We need to accumulate, share, and feedback those efforts for reflection and transformation. It is necessary in parallel to recognize the importance of preserving basic science, and a dialogue between policymakers and researchers. Building trust and maintaining scientific quality, integrity, and codes of conduct are also important. Finally, evidence-based science for policy is essential for fostering innovation for the SDGs.
However, initiating transformation is difficult. This is due to institutional inertia by incumbent actors with vested interests, and consumers or users stuck in comfortable routines. In addition, the globalization of economic and social activities that has occurred over past decades has created intricate webs of activities, making transformation a complex process. Furthermore, existing studies indicate that current policy instruments are either absent or ineffective for achieving the magnitude of transformation needed in the expected timeframe. This means that unless there are substantially advantageous (simple, low cost, superior, and universal) alternatives offered to individuals, achieving change will continue to be difficult.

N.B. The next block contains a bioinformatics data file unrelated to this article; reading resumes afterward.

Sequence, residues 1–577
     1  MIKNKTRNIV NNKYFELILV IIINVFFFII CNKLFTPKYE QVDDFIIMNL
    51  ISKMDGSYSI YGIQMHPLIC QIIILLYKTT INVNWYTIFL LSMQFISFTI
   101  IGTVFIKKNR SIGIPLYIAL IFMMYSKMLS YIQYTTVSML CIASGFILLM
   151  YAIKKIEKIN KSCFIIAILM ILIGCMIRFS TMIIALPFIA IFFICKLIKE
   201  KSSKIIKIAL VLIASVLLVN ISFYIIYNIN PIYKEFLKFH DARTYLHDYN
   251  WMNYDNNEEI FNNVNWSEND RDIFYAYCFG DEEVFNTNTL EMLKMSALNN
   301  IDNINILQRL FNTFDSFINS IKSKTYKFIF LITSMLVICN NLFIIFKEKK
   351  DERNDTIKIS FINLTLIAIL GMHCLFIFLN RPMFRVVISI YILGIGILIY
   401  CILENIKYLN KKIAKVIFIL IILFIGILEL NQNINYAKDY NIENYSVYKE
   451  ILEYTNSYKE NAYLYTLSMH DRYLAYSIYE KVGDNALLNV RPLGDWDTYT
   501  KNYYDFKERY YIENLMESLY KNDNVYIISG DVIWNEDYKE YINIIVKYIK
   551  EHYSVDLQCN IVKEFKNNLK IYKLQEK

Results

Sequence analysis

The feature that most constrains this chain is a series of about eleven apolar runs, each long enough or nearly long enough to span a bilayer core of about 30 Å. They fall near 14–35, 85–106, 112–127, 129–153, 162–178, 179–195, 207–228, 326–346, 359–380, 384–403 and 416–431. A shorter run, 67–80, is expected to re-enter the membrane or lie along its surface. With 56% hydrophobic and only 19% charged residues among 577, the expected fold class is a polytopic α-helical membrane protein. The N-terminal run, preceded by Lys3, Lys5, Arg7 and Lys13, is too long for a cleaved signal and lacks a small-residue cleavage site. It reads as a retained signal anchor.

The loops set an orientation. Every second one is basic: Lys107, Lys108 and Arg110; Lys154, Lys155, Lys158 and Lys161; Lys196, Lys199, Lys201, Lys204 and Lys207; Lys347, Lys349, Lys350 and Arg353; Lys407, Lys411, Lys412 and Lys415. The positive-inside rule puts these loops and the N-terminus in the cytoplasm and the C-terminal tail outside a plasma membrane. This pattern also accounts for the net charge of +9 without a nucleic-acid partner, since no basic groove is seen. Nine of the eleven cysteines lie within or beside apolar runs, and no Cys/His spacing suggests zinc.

COVID-19 is a great human tragedy, but may provide an impetus to accelerating innovation and transformative change. The pandemic and the ensuing economic upheaval have shown the dangers of degrading ecosystems and nature, as well as the need for international cooperation and greater social and economic resilience. The crisis has had major economic costs and is triggering significant investment pledges. Ensuring that these investments support transformative and innovative change is key to achieving the SDGs.
The full unfolding of the “digital revolution” will have even deeper impacts on our societies, creating the next generation of sustainability challenges. Moreover, the digital transformation may redefine our own concept of ourselves as humans. In the Anthropocene, humans become the main drivers of Earth-system changes. In the “digital Anthropocene,” humans will also start to transform themselves, enhancing cognitive capacities into what can be called “Homo digitalis.” This could be the next disruptive innovation to transform humanity for the benefit of all people, and the planet.
This article draws upon the work of The World in 2050.